Serious science was presented at the Colby Undergraduate Research Symposium in April. The health effects of wood smoke. Zooplankton in the Belgrade Lakes. The potential of biomass energy at Colby.
And then there was Blair Braverman ’11 presenting her environmental studies thesis: a collection of essays. “Everyone else will have all their data,” Braverman said beforehand, with a chuckle, “I’ll go up there and read.”
But these weren’t just any essays, and the soft-spoken, self-deprecating Braverman isn’t just any writer. An environmental policy major who has worked as a sled-dog musher on an Alaskan glacier and chased rhinos in Namibia, she has spent much of the past few years amassing experiences, contemplating them, and turning them into nonfiction that has won her national acclaim.
In April she won the top prize for nonfiction in The Atlantic magazine student writing contest. In 2010 one of her essays won the Joseph Conrad Essay Contest sponsored by the Williams-Mystic maritime studies program. And this spring she was admitted to the highly competitive M.F.A. writing program at the University of Iowa and was awarded the Iowa Arts Fellowship, a stipend over and above tuition, which will allow Braverman to devote herself exclusively to environmental writing.
Only three such fellowships were awarded university wide.
“I’m still kind of stunned about it.” Braverman said. “It seems a little crazy that someone is going to pay me to just to go there and study with the best teachers and write a lot.”
She may be the only one stunned. At Colby her professors have watched her develop rapidly as a writer. Adrian Blevins, associate professor of creative writing, says something clicked when Braverman was writing poetry as a junior, and now that poetic instinct has given her nonfiction a special metaphorical quality. Elisabeth Stokes, a visiting assistant professor of English who worked with Braverman from English 115 to a senior independent study, said Braverman’s work has a musicality not often seen in nonfiction. Philip Nyhus, associate professor of environmental studies and Braverman’s advisor on her thesis, said he reads and enjoys her writing “like I paid for it on Amazon.”
All three professors predict Braverman will make significant contributions to environmental writing. And they point out that her voice is unlike others in the field. “There are a lot of influential writers with a science basis. That’s not Blair,” Nyhus said.
Who is she? Stokes recalls a student who presented as a gentle and soft-spoken young woman but in reality was “made of steel.” (The sled dog team Braverman ran in Alaska once came in second in the Iditarod.) Blevins said Braverman found the content for her writing early on, and then she found the form to express her ideas and observations. Nyhus said Braverman was a strong researcher (on projects ranging from mountain lions to biomass) but unlike other students in the lab would sometimes just disappear. “She’s a writer,” he said. “She had to be alone.”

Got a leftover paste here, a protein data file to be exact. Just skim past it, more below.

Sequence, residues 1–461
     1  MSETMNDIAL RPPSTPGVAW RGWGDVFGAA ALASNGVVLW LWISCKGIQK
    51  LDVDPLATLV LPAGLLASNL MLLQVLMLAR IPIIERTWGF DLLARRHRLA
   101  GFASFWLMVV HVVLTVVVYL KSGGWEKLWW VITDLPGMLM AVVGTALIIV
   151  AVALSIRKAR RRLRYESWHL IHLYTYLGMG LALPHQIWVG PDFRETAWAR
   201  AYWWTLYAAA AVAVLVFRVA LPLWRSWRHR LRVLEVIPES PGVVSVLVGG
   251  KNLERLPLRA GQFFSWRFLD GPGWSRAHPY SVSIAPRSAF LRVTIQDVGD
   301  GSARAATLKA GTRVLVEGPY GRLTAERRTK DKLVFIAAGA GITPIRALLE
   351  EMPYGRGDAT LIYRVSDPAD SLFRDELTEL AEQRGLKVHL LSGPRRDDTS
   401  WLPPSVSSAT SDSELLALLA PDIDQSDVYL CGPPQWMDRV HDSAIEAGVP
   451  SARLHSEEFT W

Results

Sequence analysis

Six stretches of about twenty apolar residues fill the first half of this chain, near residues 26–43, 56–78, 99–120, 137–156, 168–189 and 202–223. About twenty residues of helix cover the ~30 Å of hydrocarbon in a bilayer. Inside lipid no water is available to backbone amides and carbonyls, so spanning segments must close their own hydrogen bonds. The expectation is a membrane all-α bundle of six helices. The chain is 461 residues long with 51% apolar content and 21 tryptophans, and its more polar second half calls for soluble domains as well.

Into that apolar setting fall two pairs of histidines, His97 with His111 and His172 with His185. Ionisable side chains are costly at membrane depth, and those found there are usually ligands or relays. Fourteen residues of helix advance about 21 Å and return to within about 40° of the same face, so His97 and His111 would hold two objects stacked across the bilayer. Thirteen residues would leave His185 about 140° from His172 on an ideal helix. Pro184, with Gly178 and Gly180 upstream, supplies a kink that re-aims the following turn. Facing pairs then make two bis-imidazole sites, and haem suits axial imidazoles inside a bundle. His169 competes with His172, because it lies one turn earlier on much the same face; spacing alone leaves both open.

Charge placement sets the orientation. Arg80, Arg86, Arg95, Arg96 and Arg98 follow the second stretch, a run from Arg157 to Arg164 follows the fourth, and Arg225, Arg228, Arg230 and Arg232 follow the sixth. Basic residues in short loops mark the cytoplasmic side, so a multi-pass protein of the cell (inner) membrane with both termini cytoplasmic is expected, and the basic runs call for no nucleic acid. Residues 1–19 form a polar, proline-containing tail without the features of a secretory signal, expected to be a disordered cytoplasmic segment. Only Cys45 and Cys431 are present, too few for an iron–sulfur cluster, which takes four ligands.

Said Stokes, “She’s very authentic about who she is. That radiates.”
Braverman said environmental issues are most important to her, so her writing will have that focus. “There’s a lot of environmental writing that actually isn’t good writing, I don’t think,” she said.
“There are people who are really passionate and trying to communicate these issues, but the writing itself isn’t really compelling. I think that’s why people don’t read it. For me the focus would be, in general, trying to write as well as I can. … If it’s good writing, people will read it, which is ultimately the goal, to try and spread these ideas.”
Coupled with her desire to write for the environment is a fascination with the subjects of her essays. She once followed Colby’s trash to a landfill in Norridgewock, and she talks about how much fun it was to get a tour of the facility from an ex-Marine. In an essay excerpt included in this issue of Colby, Braverman recalls her encounter with a girl at an abandoned quarry in a remote part of Namibia who was confounded by the fact that the American’s sandals had not been made with recycled materials. Yet the conversation is a revelation to Braverman as well.
“I looked at the girl beside me,” she writes, “now tracing lines on the marble with the tip of her painted finger, and felt as if I had been kept from something my whole life.”
It’s a sentence that, like the rest of the essay, is carefully crafted, the environmental issue explored through the power of observation and reflection, each word considered and reconsidered.
Stokes said Braverman continues to scrutinize her own work, each word, each sentence, each puzzle that the writing presents. Recently, Stokes said, she and Braverman were on the phone discussing an essay with a passage that wasn’t quite right.
“She said, ‘There’s nothing I’d rather be doing on a Friday night than this, curled up working this out.’”